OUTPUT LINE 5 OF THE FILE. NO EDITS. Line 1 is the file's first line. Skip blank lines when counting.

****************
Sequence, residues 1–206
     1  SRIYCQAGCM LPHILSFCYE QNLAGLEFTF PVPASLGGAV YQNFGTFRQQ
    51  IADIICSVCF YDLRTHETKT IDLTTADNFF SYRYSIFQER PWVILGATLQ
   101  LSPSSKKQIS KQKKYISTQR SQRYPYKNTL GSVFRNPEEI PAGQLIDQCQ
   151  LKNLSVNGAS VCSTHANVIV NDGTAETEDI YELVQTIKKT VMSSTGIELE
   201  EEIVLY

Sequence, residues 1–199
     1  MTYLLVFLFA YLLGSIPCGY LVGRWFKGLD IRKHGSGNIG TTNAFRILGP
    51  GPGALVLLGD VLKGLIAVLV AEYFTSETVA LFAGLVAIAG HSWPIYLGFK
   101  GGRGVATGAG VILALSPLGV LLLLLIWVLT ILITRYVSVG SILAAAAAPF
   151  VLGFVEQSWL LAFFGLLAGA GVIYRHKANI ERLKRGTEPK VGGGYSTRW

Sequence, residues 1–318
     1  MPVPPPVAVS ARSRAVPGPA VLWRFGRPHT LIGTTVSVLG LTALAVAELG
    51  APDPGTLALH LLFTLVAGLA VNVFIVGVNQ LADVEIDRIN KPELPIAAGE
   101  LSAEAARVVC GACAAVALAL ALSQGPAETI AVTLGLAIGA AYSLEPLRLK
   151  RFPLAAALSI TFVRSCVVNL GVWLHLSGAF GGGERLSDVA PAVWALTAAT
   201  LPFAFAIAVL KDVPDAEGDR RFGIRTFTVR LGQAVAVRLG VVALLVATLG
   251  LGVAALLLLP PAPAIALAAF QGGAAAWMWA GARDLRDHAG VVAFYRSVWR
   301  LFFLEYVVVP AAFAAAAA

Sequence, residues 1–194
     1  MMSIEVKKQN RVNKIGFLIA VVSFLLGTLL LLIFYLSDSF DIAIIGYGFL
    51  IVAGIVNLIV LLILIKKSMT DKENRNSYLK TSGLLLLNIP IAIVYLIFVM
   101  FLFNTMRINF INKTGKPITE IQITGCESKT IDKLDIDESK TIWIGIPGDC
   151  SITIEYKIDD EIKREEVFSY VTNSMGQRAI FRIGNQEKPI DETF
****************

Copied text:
   151  LKNLSVNGAS VCSTHANVIV NDGTAETEDI YELVQTIKKT VMSSTGIELE